It has been a very long time since anyone other than a Democrat or Republican was elected to Congress from New Jersey. In fact, it last happened 160 years ago! In 1858, Garnett B. Adrain, who had been elected in the 3rd District as a Democrat in 1856, ran as an Anti-Lecompton Democrat. Jetur R. Riggs ran with the same party identification and was elected in the 4th District. A major issue that year was the admission of Kansas territory to the union as a state. Congress needed to ratify the new constitution of the proposed state. One of the proposed constitutions, the Lecompton Constitution had these provisions in it concerning slavery:
ARTICLE VII.- SLAVERY.
SECTION 1. The right of property is before and higher than any constitutional sanction, and the right of the owner of a slave to such slave and its increase is the same and as inviolable as the right of the owner of any property whatever.
SEC. 2. The Legislature shall have no power to pass laws for the emancipation of slaves without the consent of the owners, or without paying the owners previous to their emancipation a full equivalent in money for the slaves so emancipated. They shall have no power to prevent immigrants to the State from bringing with them such persons as are deemed slaves by the laws of any one of the United States or Territories, so long as any person of the same age or description shall be continued in slavery by the laws of this State: Provided, That such person or slave be the bona fide property of such immigrants: And provided, also, That laws may be passed to prohibit the introduction into this State of slaves who have committed high crimes in other States or Territories. They shall have power to pass laws to permit the owners of slaves to emancipate them, saving the rights of creditors, and preventing them from becoming a public charge. They shall have power to oblige the owners of slaves to treat them with humanity, to provide for them necessary food and clothing, to abstain from all injuries to them extending to life or limb, and, in case of their neglect or refusal to comply with the direction of such laws, to have such slave or slaves sold for the benefit of the owner or owners.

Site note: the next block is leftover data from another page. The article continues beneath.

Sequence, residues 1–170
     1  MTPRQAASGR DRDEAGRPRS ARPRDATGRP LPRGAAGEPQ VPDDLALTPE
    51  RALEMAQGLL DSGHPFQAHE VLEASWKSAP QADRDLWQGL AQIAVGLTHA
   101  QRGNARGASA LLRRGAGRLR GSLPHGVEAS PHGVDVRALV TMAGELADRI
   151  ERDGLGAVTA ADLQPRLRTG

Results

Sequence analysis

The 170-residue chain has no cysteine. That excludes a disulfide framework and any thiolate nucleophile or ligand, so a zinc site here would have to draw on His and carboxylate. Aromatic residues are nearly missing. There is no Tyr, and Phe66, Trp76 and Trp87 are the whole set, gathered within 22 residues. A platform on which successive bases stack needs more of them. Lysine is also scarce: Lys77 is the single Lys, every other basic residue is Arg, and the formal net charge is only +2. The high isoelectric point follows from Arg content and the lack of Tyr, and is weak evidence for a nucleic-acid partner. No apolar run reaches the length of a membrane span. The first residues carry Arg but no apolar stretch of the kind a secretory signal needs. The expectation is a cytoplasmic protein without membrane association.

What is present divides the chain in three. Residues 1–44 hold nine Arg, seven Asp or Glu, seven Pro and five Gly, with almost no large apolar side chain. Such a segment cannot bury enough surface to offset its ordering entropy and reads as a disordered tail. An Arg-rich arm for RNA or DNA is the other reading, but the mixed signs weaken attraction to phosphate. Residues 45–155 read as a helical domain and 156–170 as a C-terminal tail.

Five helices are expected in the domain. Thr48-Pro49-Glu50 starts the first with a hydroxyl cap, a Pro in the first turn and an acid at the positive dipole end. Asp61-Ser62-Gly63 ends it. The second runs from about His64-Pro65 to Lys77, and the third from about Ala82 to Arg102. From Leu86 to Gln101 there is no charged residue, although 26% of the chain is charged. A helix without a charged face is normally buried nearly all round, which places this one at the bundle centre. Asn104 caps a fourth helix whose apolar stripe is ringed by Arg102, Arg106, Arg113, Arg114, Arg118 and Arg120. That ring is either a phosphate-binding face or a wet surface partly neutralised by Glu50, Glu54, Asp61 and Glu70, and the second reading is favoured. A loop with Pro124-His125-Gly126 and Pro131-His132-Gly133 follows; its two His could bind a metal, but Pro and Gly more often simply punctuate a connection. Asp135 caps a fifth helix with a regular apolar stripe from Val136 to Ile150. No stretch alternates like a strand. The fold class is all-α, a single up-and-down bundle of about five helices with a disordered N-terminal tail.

SEC. 3. In the prosecution of slaves for crimes of higher grade than petit larceny, the Legislature shall have no power to deprive them of an impartial trial by a petit jury.
SEC. 4. Any person who shall maliciously dismember, or deprive a slave of life, shall suffer such punishment as would be inflicted in case the like offense had been committed on a free white person, and on the like proof, except in case of insurrection of such slave.
Nationally, the Democrats supported slavery, but some northern Democrats joined with Republicans to oppose it. Adrain and Riggs were among those northern Democrats. Eventually, Congress approved the admission of Kansas as a free state under the Wyandotte Constitution.
Neither of these Congressmen sought reelection in 1860, Adrain returning to his law practice and Riggs to his medical practice. Thanks to Richard Wingers’s Ballot Access News for making me aware of them.
Let our current candidates be inspired by these two men because they were New Jersey’s last 2 Congressmen who were not elected as Democrats or Republicans, because they stood against slavery, and because they both embodied our ideal of legislators not being career politicians.